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Multi-Functional Nano-Entities for Seamless Breast Cancer Detection and and Tumor Specific Treatment

Hanzhu Jin1, Bin Hong1, Sham Kakar2, and Kyung A. Kang1. (1) Chemical Engineering Department, University of Louisville, Ernst Hall 106, Speed School of Engineering, University of Louisville, Louisville, KY 40292, (2) School of Medicine: Oncology, University of Louisville, Baxter BioMedical Research Bldg., Rm. 204C, University of Louisville, Louisville, KY 40292

X-ray mammography, the method currently used for breast cancer detection, has low sensitivity for younger women (<40 years). Tumors have unorganized vasculature, and therefore, tend to accumulate hemoglobin – one of the strongest, natural chromophores in tissue. Therefore, optical mammography by near infrared (NIR) light, is can be effective detection approach for these women. Some metal nanoparticles can be used as NIR contrast agents for the optical mammography because of their high NIR absorption for detecting small and deeply seated tumors. Fluorophores can be also linked to the metal nanoparticles to add fluorescence contrast. Low heat (45oC) hyperthermia can induce slow death of the tumor by deactivating some enzymes in the tumor with little side effects. Nanoparticles with magnetic properties can also be non-invasively heated by alternating electromagnetic (AEM) field. These nanoparticles can target tumors specifically if they are linked with tumor specific peptides or antibodies. Therefore, combining all these features, a multifunctional nano-entity can be developed for the seamless breast cancer detection and treatment.

Magnetic nanoparticles, such as Fe3O4, are heated by a well selected AEM frequency. At a frequency of 450 KHz or lower, Fe3O4 nanoparticles at a size of 10~30 nm were heated effectively, without heating the tissue components, such as water, hemoglobin, 0.9% of NaCl solution, and tissue (ground beef). An empty vitamin E capsule (1.5x1x1 cm, tumor model) filled with 1% Fe3O4 nanoparticles in agar was placed at 1 and 2.5 cm deep in an experimental breast model made by agar and water. When a pancake shaped, AEM heater coil (diameter of 3 cm) was placed on the surface of the breast model, after only 2 minutes, the tumor model became heated by 17 and 1oC, for 1, and 2.5 cm deep, respectively. The breast model was not heated, showing the feasibility of tumor specific hyperthermia by AEM field.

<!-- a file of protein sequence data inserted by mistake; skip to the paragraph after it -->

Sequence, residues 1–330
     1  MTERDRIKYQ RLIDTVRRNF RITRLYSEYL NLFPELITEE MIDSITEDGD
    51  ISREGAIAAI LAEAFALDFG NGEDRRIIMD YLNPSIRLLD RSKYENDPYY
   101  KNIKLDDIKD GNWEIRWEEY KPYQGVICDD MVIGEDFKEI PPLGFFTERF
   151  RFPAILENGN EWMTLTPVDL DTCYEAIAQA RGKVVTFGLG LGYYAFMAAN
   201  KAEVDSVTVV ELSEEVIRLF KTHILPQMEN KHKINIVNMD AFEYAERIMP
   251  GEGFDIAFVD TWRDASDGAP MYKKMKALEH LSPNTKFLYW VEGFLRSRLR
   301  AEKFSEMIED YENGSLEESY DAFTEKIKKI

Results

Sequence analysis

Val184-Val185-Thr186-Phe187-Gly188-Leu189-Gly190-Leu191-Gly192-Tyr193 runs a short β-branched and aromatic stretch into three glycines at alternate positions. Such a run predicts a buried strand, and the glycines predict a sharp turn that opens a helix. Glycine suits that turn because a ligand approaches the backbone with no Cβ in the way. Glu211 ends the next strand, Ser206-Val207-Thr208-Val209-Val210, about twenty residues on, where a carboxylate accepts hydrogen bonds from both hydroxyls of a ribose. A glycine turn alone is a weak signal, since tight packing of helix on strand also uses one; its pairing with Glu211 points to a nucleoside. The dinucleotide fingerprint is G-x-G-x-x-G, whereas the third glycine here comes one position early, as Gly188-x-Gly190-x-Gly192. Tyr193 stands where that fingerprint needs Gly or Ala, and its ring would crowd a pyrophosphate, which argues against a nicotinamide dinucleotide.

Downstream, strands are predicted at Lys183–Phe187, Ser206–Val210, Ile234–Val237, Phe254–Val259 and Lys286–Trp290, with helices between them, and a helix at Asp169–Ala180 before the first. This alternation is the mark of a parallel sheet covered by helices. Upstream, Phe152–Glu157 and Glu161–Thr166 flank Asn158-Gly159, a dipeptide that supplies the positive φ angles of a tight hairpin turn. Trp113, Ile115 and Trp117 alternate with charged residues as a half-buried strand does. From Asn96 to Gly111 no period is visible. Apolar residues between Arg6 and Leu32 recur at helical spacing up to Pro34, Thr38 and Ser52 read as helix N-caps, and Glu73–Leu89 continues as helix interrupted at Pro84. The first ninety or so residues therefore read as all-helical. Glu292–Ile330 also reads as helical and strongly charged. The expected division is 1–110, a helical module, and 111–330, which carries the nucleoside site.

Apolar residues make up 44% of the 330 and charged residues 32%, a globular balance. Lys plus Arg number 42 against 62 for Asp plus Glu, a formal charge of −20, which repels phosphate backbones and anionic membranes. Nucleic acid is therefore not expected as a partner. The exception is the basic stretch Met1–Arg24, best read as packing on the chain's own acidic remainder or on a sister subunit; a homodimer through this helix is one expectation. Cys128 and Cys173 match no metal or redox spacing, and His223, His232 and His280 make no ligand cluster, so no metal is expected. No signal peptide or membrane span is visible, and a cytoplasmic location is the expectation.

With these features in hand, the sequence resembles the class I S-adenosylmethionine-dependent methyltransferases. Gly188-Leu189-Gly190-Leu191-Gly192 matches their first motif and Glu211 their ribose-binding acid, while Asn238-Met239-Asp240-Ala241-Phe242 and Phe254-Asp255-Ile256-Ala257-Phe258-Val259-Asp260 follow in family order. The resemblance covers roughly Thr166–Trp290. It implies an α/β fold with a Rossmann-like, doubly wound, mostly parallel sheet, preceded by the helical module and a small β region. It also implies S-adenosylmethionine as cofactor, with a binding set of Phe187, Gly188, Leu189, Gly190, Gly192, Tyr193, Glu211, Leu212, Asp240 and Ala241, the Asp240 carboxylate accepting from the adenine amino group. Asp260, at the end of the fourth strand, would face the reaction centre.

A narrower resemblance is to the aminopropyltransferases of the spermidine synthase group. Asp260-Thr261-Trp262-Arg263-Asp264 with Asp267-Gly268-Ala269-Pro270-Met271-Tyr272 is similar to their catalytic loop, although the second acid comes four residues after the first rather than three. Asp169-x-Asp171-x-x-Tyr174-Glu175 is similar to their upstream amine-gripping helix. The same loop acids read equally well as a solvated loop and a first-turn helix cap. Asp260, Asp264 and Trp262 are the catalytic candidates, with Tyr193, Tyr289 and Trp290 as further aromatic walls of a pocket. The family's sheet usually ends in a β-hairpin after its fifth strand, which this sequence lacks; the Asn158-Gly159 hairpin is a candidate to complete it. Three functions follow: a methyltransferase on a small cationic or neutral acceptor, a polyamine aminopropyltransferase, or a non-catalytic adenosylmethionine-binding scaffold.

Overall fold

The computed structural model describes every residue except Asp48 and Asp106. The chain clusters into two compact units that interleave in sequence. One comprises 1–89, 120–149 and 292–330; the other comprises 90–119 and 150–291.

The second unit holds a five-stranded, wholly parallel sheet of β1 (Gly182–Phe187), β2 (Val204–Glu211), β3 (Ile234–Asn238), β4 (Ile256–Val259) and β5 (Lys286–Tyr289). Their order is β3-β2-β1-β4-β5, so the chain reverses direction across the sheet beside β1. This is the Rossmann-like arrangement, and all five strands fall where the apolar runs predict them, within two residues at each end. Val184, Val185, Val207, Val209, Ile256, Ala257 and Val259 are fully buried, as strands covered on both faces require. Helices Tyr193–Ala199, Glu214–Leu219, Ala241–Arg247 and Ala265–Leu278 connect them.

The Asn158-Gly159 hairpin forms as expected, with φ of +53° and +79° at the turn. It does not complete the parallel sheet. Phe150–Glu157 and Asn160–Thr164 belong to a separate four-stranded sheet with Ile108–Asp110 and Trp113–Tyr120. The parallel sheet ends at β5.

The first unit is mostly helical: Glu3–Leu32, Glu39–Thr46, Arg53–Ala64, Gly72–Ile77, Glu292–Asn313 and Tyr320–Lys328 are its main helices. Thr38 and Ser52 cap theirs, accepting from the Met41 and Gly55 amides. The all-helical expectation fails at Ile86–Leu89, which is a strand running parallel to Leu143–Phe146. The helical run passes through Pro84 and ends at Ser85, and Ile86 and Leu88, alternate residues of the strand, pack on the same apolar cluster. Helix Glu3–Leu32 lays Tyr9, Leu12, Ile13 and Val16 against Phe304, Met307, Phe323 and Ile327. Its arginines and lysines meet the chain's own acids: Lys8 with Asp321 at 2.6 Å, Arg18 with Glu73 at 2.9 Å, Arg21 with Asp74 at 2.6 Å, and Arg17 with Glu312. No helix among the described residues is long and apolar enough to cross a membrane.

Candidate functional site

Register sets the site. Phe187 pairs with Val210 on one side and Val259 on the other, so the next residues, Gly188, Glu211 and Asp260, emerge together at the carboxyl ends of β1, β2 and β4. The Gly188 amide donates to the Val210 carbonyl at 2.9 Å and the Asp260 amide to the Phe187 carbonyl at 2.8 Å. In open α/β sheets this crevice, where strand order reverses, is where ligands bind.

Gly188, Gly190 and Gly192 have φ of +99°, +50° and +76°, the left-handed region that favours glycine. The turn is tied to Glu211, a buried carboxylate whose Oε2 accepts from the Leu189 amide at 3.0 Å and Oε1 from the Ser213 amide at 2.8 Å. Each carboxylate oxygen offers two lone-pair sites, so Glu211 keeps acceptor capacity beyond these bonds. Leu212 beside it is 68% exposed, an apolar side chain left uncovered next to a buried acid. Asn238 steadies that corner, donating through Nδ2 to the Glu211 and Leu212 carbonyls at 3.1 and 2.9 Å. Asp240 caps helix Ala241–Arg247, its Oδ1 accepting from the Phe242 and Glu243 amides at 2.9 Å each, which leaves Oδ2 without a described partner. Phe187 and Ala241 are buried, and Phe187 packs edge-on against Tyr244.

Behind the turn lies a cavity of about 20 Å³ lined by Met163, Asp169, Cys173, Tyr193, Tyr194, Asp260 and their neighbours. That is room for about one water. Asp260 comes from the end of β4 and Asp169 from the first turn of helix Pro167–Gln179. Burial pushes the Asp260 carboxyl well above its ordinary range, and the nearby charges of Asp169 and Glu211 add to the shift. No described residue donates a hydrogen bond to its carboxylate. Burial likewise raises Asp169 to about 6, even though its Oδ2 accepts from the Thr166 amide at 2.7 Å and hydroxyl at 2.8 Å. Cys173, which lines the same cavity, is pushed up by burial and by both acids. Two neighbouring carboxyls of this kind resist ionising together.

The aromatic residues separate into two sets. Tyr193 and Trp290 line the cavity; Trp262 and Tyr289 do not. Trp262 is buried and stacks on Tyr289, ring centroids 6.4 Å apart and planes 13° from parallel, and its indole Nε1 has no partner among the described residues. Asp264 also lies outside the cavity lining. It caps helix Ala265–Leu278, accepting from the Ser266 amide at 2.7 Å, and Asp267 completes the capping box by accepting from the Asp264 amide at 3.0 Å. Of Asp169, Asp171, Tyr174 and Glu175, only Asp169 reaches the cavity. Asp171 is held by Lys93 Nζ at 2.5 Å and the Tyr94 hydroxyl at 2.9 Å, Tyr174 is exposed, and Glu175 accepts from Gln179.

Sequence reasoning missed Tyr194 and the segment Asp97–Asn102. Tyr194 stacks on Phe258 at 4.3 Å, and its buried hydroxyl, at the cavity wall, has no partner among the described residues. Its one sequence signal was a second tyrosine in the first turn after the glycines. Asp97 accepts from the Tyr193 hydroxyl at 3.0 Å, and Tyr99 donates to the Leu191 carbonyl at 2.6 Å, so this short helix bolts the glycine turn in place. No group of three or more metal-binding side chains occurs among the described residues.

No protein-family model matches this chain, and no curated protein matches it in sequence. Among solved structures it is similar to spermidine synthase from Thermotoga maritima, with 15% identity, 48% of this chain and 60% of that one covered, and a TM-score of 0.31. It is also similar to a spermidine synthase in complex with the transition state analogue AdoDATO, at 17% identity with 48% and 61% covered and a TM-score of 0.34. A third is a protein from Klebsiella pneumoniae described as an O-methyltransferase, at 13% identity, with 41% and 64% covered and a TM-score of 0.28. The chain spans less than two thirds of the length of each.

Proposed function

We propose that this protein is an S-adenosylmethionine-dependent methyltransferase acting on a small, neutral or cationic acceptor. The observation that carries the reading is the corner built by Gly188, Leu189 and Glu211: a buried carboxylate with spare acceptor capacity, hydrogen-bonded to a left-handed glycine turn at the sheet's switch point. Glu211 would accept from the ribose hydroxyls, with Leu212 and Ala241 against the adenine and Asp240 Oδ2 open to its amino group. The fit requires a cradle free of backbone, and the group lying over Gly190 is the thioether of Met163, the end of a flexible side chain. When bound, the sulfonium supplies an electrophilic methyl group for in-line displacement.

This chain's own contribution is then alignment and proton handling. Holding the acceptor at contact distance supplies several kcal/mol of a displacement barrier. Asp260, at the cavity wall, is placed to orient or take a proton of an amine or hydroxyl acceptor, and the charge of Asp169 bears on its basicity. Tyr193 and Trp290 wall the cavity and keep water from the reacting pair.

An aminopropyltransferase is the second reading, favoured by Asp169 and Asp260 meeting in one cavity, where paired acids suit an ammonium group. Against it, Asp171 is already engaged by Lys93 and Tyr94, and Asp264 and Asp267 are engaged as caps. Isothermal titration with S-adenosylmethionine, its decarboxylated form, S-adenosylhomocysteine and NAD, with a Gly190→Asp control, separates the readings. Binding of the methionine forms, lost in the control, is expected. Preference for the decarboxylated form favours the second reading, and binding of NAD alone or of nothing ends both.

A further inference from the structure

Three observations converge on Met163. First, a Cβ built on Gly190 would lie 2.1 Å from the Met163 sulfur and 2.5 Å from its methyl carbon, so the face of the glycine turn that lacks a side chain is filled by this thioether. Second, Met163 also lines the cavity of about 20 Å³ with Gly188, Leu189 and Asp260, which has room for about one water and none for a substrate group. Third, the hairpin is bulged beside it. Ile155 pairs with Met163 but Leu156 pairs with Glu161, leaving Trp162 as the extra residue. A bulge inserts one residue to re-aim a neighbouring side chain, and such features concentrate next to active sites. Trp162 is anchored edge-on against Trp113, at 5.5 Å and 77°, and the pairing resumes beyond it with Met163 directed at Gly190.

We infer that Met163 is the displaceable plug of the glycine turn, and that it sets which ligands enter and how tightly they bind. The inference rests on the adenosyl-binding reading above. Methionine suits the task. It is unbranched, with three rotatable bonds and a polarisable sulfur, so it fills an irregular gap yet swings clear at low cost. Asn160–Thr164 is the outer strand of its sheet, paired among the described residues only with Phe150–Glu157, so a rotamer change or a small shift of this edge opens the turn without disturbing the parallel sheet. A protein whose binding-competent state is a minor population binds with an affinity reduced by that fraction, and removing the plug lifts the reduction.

Gold nanoparticles are known as strong near infrared (NIR) absorbers. Gold is inert to human body and also can be easily linked with tumor specific antibodies or peptides. We have studied the photon absorption properties of various sized nanogold (5~250 nm) particles. Nanogold particles at 150 nm showed an optical density of 0.3 at concentration of 0.01 wt% at 780 nm, which is the wavelength frequently used for optical mammography. Nanogold particles were added to a tumor model, and the tumor model was placed in an experimental breast model at various depths between 1 and 2.5 cm. The surface of the breast model was scanned with NIR at 780 nm. For 1 cm deep tumor, 150 nm sizes of gold particles at a concentration of 0.01%, showed 3.5 dB, greater than that by a usual tumor model (2.5 dB). Therefore, if the Fe3O4 nanoparticle is coated by gold, it can be an optical/thermal marker because of its high NIR absorption by gold layer and its heating by AEM.

Fluorophores can be linked to the nanoparticles to add fluorescence contrast for more accurate detection of tumors. Indocyanine green (ICG) is one of a few, FDA approved, NIR fluorophore, with a very low quantum yield (0.012 in whole blood). Hong and Kang showed that the fluorescence signal of low quantum yield fluorophors can be increased as much as 10 times by linking the fluorephores to nanogold particles at proper distance. ICG linked nanogold via streptavidin spacer showed 100% higher fluorescence contrast than ICG alone.

Luteinizing hormone releasing hormone (LHRH) is a hormone with a peptide chain of 10 amino acids. A number of human breast cancer cells over express LHRH receptors and therefore, the cancer cells can be targeted using LHRH. Among many tumor specific biomarkers, LHRH was selected because of its cost-effectiveness and high affinity. Also, LHRH can easily be linked to the gold surfaces. The binding affinity of LHRH linked nanogold particles was examined in the mouse gonadotrope cell line (LâT2) that express high levels of LHRH receptors. The result showed that the binding affinity of LHRH linked nanogold was similar to LHRH alone.

Therefore, LHRH and ICG linked, gold-coated Fe3O4 nanoparticles can be NIR absorbing, fluorescence contrast agents for optical mammography as well as thermal agents for tumor specific hyperthermic treatment.

US Army, Breast Cancer Research Program (BCRP) [DAMD 17-03-1-0572] and Kentucky Science Engineering Foundation (KSEF-148-502-03-55) had partially supported this project.